Second only to Halloween, New Year’s Day is a favorite holiday of mine. The natural recounting of achievements and regrets with an eye to the future feels like a gift. With the anticipation of a child on Christmas Eve, I greet the coming year.
In an effort to up the ante last year, I read about spiritual ways to commemorate the passing of a year and began a practice of releasing the things that no longer serve me. As a family, we drew pictures and named those habits and activities that we were ready to let go. And then we burned them in a fire. Though some of them lingered, I can honestly say we let many of them go.
I also attended a local Unity white stone church service. The idea behind the service stems from the verse in Revelation 2:17 that says:
He that hath an ear, let him hear what the Spirit saith unto the churches; To him that overcometh will I give to eat of the hidden manna, and will give him a white stone, and in the stone a new name written, which no man knoweth saving he that receiveth [it].
They offer everyone a small white stone. Upon quiet meditation and reflection, everyone receives a new name and writes it on the white stone. The name can be a title, a characteristic, etc. and is given directly by God or the Divine to the recipient. The minister said by the end of the year you should not need to tell anyone your name because it is so obvious in the way that you live.
Though there was a congregation, the ceremony proved quite intimate. I found this power to receive my own newness aspirational. I don’t have to feel the guilt of some unkept resolution or unmet goal as Heather describes. Instead is the chance to live up to something I really want to be.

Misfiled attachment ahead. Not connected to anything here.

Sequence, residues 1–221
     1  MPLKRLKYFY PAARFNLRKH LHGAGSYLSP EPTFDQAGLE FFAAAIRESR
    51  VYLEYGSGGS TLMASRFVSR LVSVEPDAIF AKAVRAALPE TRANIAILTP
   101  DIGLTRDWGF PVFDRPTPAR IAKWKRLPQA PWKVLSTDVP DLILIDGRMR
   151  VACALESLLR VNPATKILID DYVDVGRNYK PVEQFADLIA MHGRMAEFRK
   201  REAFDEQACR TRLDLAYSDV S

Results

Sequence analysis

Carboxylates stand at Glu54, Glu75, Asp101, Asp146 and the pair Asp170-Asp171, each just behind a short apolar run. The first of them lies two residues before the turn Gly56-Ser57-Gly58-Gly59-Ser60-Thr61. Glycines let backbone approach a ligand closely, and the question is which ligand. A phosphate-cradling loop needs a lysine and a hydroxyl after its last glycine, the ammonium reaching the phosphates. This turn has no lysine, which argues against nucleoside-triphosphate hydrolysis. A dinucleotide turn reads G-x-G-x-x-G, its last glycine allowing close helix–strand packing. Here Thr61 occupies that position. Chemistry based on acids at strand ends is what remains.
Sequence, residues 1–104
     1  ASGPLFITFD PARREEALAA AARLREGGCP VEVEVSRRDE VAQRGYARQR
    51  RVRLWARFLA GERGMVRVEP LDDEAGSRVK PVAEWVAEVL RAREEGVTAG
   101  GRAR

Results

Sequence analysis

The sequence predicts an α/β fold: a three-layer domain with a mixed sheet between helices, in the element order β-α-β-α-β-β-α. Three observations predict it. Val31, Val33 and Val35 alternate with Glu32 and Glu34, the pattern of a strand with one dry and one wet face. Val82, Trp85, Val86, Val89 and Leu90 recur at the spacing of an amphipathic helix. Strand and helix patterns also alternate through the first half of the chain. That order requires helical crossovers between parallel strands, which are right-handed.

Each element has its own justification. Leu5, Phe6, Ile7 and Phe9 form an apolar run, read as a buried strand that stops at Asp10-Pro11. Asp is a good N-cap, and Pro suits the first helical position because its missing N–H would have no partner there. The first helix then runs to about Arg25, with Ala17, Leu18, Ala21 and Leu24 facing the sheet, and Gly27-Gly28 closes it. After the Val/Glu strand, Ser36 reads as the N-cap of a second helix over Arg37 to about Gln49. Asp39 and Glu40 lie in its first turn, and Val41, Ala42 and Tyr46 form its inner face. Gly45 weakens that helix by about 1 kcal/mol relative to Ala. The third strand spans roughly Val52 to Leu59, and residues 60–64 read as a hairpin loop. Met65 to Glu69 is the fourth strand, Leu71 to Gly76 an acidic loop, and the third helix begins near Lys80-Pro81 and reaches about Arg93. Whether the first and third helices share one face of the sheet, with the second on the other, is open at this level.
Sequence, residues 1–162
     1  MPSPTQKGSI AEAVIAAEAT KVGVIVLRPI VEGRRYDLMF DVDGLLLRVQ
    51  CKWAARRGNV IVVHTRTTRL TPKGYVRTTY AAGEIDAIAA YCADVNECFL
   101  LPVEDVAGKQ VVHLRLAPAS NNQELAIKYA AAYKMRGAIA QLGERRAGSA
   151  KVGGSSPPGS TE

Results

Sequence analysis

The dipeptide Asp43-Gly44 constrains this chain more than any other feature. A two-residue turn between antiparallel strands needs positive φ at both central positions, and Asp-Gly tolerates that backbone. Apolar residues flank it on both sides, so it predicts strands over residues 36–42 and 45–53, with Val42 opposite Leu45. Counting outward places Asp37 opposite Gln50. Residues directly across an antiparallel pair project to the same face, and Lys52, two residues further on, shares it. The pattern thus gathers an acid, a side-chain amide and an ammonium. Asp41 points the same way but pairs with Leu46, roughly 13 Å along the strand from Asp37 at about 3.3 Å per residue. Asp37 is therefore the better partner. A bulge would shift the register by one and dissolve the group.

This year I’ve spent New Year’s on the road in New Zealand without the chance to replicate either of these experiences, though my seven year old said he was really looking forward to burning “vegetables.”
With no means for a burning bonfire, I welcomed a new year after a glorious hike and a fish and chips meal on the beach by flushing my approval whore down the toilet. She’s the part of me that believes people only like me because I give them what they want, I become who they want me to be.
As I drew her, I noticed she was stunningly beautiful, but had no mouth or voice. I thanked her for keeping me company, for teaching me about regret, honesty and the divinity within. Then I “released” her by washing her away. I’m sure many people will wish that I kept her around another year or two, but my hope is that next year I don’t even recognize her because I’m the living, breathing picture of my new name.
What would you like to release with 2010?
Flickr Photo by NoFstop